Throughout the Medical-Surgical Nursing series on the Endocrine system, you will learn lab values that are important for diagnosing and treating diseases. This video and article cover the most important lab value ranges (in the Endocrine system) that you definitely want to make sure you know for your exams!
NOTE: Lab values vary slightly from one source to another. Therefore, your textbook or professor may have slightly different lab value ranges from the lab value ranges shown here. On nursing exams, if you are given a lab value that is out-of-range, it will typically be VERY out-of-range. So, slight differences in expected lab value ranges should not impact your ability to recognize out-of-range values on exams.
A thyroid panel is a group of blood tests that may be ordered to evaluate the function of the thyroid gland. This can help evaluate thyroid function and diagnose thyroid disorders. Tests that measure the level of thyroid hormones are also known as thyroid function tests. These tests are performed using a blood sample.
T3 and T4 are thyroid hormones that regulate metabolism and growth. We cover these in more detail in video 3 of this Endocrine series.
The expected range for T3 in a thyroid panel is 70 - 204 ng/dL.
T3 reminds you of “times three.” If you can remember 70, then 70 x 3 = 210, which is approximately the upper end of the range!
The expected range for T4 in a thyroid panel is 4 - 12 mcg/dL.
Cathy’s husband is obsessed with the Terminator movies.
My husband has watched Terminator at least 4-12 times.
TSH is a hormone produced by the anterior pituitary gland, and it regulates the thyroid gland’s production of T3 and T4. This process is covered in more detail in our video on Negative Feedback Mechanisms.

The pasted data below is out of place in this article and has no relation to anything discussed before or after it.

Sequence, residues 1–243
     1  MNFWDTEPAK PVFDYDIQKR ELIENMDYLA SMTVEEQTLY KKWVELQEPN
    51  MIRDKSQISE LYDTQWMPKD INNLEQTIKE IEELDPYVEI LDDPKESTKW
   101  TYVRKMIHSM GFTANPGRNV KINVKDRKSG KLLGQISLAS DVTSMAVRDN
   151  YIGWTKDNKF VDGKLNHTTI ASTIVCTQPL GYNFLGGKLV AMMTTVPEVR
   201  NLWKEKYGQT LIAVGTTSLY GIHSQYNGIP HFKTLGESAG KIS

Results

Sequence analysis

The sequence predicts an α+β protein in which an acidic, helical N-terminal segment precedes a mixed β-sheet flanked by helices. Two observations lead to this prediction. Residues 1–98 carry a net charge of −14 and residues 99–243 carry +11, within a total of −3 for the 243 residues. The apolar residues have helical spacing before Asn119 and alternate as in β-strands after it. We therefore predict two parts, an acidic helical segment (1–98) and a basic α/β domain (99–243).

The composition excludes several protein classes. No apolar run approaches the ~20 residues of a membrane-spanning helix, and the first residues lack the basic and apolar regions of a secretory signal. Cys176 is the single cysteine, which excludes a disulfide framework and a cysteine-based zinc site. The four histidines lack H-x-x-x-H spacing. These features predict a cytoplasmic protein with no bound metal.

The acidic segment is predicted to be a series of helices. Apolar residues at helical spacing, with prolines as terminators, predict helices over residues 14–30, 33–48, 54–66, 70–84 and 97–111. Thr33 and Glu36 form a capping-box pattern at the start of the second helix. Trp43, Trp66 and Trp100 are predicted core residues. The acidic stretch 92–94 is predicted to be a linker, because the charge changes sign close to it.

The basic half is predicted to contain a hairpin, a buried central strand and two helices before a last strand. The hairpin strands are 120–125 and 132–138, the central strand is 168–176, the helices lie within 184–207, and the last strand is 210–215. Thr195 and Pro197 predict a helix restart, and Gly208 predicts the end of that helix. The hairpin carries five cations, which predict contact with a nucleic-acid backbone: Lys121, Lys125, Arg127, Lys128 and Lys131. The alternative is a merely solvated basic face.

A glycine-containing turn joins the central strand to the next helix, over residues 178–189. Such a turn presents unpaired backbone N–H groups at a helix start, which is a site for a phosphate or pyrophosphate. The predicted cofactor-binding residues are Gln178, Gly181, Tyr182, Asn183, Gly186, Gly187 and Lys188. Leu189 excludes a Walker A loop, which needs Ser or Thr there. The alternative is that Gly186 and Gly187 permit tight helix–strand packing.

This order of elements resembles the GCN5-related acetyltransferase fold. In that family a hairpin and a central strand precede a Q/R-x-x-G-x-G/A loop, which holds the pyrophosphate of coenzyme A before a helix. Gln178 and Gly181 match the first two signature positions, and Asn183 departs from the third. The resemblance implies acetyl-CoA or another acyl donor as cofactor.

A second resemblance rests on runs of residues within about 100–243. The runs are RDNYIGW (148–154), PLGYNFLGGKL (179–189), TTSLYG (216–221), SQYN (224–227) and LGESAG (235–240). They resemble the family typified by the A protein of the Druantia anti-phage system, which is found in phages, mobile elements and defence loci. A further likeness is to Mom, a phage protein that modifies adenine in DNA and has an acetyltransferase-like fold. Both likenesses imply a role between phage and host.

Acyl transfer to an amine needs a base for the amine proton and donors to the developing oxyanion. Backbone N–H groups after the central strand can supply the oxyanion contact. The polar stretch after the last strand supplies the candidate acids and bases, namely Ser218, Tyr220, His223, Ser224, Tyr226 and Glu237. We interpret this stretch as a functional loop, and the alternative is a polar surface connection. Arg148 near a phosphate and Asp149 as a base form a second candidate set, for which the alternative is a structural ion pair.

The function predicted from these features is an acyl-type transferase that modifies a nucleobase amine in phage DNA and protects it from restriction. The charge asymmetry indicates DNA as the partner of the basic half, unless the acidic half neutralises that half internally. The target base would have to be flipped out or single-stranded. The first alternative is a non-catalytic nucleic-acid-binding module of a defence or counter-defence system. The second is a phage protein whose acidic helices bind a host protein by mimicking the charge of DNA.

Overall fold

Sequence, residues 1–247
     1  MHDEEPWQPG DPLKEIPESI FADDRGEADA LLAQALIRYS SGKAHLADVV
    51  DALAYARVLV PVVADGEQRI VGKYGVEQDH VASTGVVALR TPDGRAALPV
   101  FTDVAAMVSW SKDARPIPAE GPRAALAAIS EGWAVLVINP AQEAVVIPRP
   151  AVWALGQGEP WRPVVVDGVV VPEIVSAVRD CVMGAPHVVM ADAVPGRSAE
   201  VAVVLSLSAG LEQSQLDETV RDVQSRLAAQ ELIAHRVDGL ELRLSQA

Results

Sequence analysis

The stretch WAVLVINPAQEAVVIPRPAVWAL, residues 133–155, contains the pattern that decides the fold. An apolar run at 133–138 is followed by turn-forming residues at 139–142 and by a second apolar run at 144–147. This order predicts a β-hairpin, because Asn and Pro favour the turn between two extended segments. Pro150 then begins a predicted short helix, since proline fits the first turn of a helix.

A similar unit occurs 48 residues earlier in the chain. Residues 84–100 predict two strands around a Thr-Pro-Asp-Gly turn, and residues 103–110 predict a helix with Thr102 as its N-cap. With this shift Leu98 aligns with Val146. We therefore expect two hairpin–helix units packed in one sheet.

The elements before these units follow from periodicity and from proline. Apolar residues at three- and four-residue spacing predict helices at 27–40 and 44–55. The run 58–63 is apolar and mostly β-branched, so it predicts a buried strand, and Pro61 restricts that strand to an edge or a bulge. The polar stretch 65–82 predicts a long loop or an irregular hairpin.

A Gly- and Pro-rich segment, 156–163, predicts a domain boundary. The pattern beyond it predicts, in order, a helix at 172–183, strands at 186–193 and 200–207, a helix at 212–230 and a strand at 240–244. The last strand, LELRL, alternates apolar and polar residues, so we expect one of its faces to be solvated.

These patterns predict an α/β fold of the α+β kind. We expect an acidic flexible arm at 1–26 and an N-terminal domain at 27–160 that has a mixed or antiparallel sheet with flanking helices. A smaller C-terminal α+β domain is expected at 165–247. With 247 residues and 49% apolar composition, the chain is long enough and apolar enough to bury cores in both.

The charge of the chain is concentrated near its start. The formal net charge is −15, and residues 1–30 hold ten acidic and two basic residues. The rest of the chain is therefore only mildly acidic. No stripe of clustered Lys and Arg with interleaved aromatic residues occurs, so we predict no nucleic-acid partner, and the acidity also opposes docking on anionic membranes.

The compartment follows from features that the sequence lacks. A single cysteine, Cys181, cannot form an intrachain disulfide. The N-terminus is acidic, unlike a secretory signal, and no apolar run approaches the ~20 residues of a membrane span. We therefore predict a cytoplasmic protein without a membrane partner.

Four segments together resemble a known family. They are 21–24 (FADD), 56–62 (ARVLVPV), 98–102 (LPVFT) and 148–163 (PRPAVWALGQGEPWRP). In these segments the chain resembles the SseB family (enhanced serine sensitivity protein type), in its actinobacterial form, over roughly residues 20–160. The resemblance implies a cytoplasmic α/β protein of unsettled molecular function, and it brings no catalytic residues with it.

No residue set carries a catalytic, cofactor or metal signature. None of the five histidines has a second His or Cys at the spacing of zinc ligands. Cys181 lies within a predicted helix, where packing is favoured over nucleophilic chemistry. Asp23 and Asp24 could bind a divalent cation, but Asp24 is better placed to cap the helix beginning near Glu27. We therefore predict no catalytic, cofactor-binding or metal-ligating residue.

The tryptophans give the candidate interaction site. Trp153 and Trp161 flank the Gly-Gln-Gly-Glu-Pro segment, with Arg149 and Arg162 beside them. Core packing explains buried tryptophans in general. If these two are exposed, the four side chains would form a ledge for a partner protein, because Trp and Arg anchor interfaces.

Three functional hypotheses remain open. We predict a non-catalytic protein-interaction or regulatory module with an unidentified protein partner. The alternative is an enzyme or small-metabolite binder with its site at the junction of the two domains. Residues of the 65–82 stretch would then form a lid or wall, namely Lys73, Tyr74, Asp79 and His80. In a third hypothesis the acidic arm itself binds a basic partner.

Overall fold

The expected range for TSH in a thyroid panel is 0.5 - 5.0 mU/L.
If you touch my “tush” again, I will slap you with all 5fingers.
Myxedema coma is a life-threatening complication with excessively low levels of thyroid hormones.
Thyroid storm (thyrotoxicosis) is a life-threatening complication with excessively high levels of thyroid hormones.
Secondary or tertiary hypothyroidism
Secondary or tertiary hyperthyroidism
Blood glucose expected ranges are very important to know in your nursing studies and practice, because diabetes is so prevalent. These are values you will encounter often on exams and in a clinical setting.
If your patient has a fasting blood glucose test, we would expect to see a value under 100 mg/dL.This test performed on an empty stomach (fasting), usually first thing in the morning.
If a patient has a two-hour oral glucose tolerance test, then we would expect a value under 140 mg/dL. This test measures a patient’s blood sugar levels once, then they drink a glucose solution, and their blood sugar levels are measured again two hours later. The point of this test is to see how the body processes sugar.
If your non-diabetic patient gets their HgbA1C level drawn, we would expect a value under 6%. The goal for a patient with diabetes is to have an HgbA1C under 7%.
You might be able to guess this one...diabetes! Diabetes Mellitus can be diagnosed using these guidelines.